What I thought’d happen
A nice, sunny hike through some dramatic scenery
What actually happened
The coldest summer in 20 years. That’s what fucking happened.
The real Iceland
Today we began the Laugarvegur trail in Iceland. Holy shit. Mother nature.
This hike takes you through scenery that is truly unbelievable. The photos I take and the words I write can’t convey what it feels like to actually be there. What it’s like to feel so small, an insignificant pinprick in this expansive, swirling universe. What it’s like to realise that actually life doesn’t revolve around you.
The easiest way is to buy a return hikers bus pass from Reykjavik Campsite and stay there, or close by, the night before. The bus conveniently leaves at 7am everyday out the front of the campsite and costs $120 return. You can also purchase tickets online at trex.is.
It’s a four hour drive from Reykjavic to Landmannalaugar, with at least three hours spent off-roading across rocky lava fields and untamed rapids. Even if you aren’t planning to hike, I’d encourage you to take the bus just for the epic scenery.
The lava fields
In summer are beautifully barren. Plains of dark bubbled charcoal speckled with bright lime moss and sprinkled with tiny purple flowers spread for as far as the eye can see. Save for these primitive signs of life, the landscape is completely dead. No sounds. No smells. Nothing.
This landscape continues uninterrupted in every direction until the horizon meets the towering black mountains, with snowy crevices so deep that even at the height of summer they remain frozen, a perfectly crisp white. As though somebody took an eraser to the landscape and rubbed out snowy blotches of negative space.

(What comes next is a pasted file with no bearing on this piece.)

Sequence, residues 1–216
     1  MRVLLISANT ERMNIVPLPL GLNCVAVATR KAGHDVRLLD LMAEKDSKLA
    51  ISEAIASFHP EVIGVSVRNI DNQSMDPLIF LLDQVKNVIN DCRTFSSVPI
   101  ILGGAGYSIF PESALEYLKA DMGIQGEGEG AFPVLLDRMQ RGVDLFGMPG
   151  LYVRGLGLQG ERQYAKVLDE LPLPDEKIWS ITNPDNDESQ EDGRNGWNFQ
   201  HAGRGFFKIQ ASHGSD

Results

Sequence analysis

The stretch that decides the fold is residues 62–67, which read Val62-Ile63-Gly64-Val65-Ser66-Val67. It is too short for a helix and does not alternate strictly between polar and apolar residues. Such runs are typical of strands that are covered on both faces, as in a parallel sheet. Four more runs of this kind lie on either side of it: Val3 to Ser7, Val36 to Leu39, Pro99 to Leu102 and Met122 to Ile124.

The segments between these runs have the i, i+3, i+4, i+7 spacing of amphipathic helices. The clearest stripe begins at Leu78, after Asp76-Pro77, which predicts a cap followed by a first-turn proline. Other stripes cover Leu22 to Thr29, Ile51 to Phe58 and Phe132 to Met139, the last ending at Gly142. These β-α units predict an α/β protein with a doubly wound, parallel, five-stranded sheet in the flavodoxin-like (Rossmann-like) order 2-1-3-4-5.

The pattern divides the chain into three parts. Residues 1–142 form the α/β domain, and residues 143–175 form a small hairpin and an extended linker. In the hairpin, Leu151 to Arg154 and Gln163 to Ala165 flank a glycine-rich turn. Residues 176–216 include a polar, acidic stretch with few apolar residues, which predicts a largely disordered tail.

Then the lava fields pool into a valley, gradually giving way to more and more mountains until you’re steadily winding your way through wide mountain valleys. Tiny awkward waterfalls tumble over mountain cliffs fed by unseen glaciers. These in turn feed crystalline lakes, which in turn feed long rivers that snake their way across the rocky terrain.
Landmannalaugar is the most northerly point of the Laugarvegur/ Landmannalaugar hiking trail. It’s nestled between the edge of Laugahraun lava field and the extraordinary rhyolite mountain range. It contains a small sleeping hut, campsite and an incredible (and FREE) hot spring. Unlike that fucking tourist trap, the Blue Lagoon.
If you don’t have time to hike the whole trail then head here and just do a day hike, it’s well worth the drive, and the dip.
Landmannalaugar to Hrafntinnusker – 12km
We started off way later than everybody else, around 2pm. The good thing is, it doesn’t matter. Iceland never gets dark in summer. Besides, less people walk later on in the day, so you pretty much get the trail to yourself.
Before we left we passed by the warden’s hut. She insisted that we buy an overpriced book containing a map (which we scoffed at, and didn’t) because parts of the trail and the markers were still covered in snow. She said it was the worst summer in over 70 years. We should have known.
The first leg
If like us, you hike during summer but it’s oddly still snowing, from here expect to hike up, down and around a lot of snowy hills. Every now and then you’ll come across a small haven of soft, spongey earth, the snow melted away by the hot earth below. These are a blessing if traipsing through snow in sneakers isn’t your thing.
After a while you’ll reach Stórihver, a hot spring. Actually so hot that if you fall in you’ll die. It looks like a small river winding itself through the blanket of snow, bubbling and spitting away. Don’t be fooled by this thing. It’s interesting but it smells like ass.
Trudging through thick fog and heavy snow. In a t-shirt and Nikes *facepalm
Not too shortly thereafter we reached camp. We borrowed some shovels and dug a shelter to protect our flimsy summer tent from the bitterly cold winds. I didn’t find it so bad, prancing round pretending to shovel and gently patting down heaves of freshly lifted snow into a contemporary architectural masterpiece. It was a real novelty.
I was not however fond of the cold which seeped through my clothes and burned my feet all night. Nor did I enjoy sleeping on a semi-insulated matt on freezing hard-packed snow with a summer sleeping bag between us. And to think, this was the peak of Icelandic summer. Oh, Iceland.
What I learned today:
Don’t leave the weather to your intuition
Summer in Iceland is a cruel joke